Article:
OBJECTIVE:

Twin studies suggest that heritability of moderate-severe bronchopulmonary dysplasia (BPD) is 53% to 79%, we conducted a genome-wide association study (GWAS) to identify genetic variants associated with the risk for BPD.

METHODS:

The discovery GWAS was completed on 1726 very low birth weight infants (gestational age = 250–296/7 weeks) who had a minimum of 3 days of intermittent positive pressure ventilation and were in the hospital at 36 weeks’ postmenstrual age. At 36 weeks’ postmenstrual age, moderate-severe BPD cases (n = 899) were defined as requiring continuous supplemental oxygen, whereas controls (n = 827) inhaled room air. An additional 795 comparable infants (371 cases, 424 controls) were a replication population. Genomic DNA from case and control newborn screening bloodspots was used for the GWAS. The replication study interrogated single-nucleotide polymorphisms (SNPs) identified in the discovery GWAS and those within the HumanExome beadchip.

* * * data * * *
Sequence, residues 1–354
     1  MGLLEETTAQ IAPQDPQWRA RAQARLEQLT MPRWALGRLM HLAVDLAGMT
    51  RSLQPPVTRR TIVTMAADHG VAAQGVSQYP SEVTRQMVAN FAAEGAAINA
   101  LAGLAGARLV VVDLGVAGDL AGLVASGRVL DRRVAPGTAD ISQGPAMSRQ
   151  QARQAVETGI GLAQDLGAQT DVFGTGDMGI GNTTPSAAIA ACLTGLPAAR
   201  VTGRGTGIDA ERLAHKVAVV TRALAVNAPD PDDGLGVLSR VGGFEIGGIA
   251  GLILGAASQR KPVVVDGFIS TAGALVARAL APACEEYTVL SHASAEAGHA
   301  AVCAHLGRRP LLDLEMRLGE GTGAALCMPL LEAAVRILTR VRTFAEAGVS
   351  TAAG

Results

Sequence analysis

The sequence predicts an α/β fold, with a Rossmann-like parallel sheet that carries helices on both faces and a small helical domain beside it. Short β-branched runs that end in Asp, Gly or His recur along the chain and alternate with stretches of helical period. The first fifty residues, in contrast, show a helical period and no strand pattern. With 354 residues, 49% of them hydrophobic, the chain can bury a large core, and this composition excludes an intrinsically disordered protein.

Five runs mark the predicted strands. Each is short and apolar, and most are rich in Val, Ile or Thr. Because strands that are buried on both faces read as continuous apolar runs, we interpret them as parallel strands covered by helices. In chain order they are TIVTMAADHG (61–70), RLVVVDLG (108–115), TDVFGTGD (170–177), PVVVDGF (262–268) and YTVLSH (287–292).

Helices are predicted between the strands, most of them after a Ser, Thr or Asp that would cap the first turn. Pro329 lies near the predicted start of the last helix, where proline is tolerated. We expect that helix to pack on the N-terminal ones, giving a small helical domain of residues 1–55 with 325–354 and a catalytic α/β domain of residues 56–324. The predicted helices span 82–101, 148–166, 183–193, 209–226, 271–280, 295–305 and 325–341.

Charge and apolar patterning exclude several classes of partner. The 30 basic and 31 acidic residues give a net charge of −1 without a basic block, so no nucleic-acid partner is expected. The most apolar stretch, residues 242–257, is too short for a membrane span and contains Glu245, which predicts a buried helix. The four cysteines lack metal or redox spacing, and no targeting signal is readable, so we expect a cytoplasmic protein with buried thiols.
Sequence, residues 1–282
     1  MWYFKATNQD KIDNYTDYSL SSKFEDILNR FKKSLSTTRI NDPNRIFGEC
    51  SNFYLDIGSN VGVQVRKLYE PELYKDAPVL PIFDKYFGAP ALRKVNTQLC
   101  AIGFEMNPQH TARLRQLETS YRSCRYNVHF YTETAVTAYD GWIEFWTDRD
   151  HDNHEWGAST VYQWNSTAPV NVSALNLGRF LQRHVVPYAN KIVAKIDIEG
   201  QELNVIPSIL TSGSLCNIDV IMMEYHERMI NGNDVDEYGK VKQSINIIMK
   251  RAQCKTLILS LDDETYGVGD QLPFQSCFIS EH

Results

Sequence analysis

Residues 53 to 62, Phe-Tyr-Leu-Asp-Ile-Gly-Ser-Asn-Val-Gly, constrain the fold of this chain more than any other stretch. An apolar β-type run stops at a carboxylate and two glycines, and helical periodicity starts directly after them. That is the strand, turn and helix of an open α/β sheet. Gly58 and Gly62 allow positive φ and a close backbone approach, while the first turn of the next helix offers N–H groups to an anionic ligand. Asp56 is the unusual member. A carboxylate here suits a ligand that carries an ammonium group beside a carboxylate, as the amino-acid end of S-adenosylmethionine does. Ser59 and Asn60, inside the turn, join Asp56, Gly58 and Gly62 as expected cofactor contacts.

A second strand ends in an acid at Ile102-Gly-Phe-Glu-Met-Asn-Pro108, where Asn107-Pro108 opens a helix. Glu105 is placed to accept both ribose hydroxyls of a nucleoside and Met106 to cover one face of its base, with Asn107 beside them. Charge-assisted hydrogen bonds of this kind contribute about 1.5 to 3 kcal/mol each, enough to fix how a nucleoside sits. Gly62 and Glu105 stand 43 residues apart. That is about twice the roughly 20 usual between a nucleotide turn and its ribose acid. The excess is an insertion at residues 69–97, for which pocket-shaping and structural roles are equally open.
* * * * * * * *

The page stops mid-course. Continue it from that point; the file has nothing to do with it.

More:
RESULTS:

Genotyping using genomic DNA was successful. We did not identify SNPs associated with BPD at the genome-wide significance level (5 × 10−8) and no SNP identified in previous studies reached statistical significance (Bonferroni-corrected P value threshold .0018). Pathway analyses were not informative.

CONCLUSIONS:

We did not identify genomic loci or pathways that account for the previously described heritability for BPD. Potential explanations include causal mutations that are genetic variants and were not assayed or are mapped to many distributed loci, inadequate sample size, race ethnicity of our study population, or case-control differences investigated are not attributable to underlying common genetic variation.

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